The Internal Revenue Service publishes tax tables that show how much federal income tax you owe. Divided into columns, the tax tables are easy to read. Although your tax bracket determines what percentage of your income you must pay in taxes, you will pay a different tax rate for each taxable income range.
The range of a taxpayer’s income taxed at a particular percentage or tax rate is known as a tax bracket. The cutoff point for each income level listed on the tax rate schedule represents a different tax bracket. Your tax bracket takes in all your taxable income including interest income. Certain types of income such as dividend income or income from long-term capital gains are taxed at a special rate. Depending on fiscal policy, federal tax rates and the number of tax brackets are subject to change.
How much money you owe the government in taxes each year depends on the income tax rate you pay. While your taxable income is based on progressive tax rates rather than a single rate, the higher your taxable income the more complicated the tax computation. For the 2012 tax year, a taxpayer’s income is subject to tax rates of 10, 15, 25, 28, 33 and 35 percent. A lower rate applies to income up to a certain amount at which point a higher rate applies to the portion of income that falls within the next tax bracket. For instance, if you are married filing a joint return, you will pay a lower rate on the first $17,400 of your taxable income. You continue to pay a higher rate on the next income range until your taxable income for the year no longer exceeds subsequent income levels on the tax rate schedule.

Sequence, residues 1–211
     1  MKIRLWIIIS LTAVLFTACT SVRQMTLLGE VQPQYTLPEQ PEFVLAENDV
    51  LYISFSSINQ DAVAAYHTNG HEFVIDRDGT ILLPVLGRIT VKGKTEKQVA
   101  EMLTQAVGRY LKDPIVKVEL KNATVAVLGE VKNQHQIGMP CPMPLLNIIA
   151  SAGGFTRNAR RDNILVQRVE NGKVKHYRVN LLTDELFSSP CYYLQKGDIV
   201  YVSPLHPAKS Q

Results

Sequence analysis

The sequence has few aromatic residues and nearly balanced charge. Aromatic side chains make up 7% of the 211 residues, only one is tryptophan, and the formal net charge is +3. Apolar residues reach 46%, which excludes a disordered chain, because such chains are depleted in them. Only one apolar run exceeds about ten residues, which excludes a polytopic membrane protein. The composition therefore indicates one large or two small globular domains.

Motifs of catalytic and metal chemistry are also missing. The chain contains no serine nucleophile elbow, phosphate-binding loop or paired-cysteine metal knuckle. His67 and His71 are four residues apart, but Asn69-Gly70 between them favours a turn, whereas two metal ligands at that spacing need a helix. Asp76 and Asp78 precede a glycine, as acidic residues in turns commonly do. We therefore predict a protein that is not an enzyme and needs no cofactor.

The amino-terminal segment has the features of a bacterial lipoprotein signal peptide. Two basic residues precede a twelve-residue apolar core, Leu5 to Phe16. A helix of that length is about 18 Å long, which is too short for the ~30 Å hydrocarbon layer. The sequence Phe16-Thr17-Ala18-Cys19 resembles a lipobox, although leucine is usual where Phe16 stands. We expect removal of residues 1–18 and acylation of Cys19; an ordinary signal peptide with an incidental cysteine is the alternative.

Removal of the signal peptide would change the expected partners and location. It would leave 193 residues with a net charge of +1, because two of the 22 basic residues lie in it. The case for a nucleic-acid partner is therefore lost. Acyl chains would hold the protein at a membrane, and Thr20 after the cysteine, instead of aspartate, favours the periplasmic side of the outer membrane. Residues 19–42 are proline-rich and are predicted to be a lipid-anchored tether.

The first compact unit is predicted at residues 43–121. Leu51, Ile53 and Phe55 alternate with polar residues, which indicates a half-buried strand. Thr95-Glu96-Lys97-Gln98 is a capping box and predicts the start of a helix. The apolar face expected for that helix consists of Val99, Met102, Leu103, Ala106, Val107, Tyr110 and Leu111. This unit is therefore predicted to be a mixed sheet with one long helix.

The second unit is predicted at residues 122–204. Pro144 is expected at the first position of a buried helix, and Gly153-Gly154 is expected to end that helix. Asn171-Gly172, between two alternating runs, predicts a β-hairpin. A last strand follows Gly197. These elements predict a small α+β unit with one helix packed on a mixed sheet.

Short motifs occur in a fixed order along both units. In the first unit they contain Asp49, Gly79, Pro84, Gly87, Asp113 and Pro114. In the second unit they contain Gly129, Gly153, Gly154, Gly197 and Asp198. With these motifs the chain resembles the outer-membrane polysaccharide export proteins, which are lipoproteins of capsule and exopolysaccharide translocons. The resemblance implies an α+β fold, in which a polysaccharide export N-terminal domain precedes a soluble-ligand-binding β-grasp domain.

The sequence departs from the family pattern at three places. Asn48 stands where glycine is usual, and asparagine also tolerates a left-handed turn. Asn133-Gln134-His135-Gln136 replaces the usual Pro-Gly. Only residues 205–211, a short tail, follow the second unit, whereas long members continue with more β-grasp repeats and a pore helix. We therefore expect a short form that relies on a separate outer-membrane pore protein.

Tax liability varies by filing status. Taxpayers who are unmarried and have no children must file as single while married taxpayers can file either a joint or separate return. If you are single and have a child, you may qualify to file as head of household or as a qualifying widow(er) with dependent child. The tax tables are based on tax rate schedules according to a taxpayer’s filing status; therefore, your filing status affects at what income level you move to a higher tax bracket. Taxpayers filing as single or those married and filing separately have lower income range cutoffs on the tax rate schedules.
Finding Your Tax
Reading the tax tables is a straightforward process. Once you figure your taxable income for the year, the tax table you use to find the amount of tax you owe depends on your filing status. Find your taxable income by reading down the left-hand column. The income column shows a range of two amounts "At least” and “But less than” on each line. After you locate the line that has the range where your taxable income falls, find your filing status at the top of the tax table. Read down the column to find your tax. The number you see is the dollar amount you owe the federal government.
Amber Keefer has more than 25 years of experience working in the fields of human services and health care administration. Writing professionally since 1997, she has written articles covering business and finance, health, fitness, parenting and senior living issues for both print and online publications. Keefer holds a B.A. from Bloomsburg University of Pennsylvania and an M.B.A. in health care management from Baker College.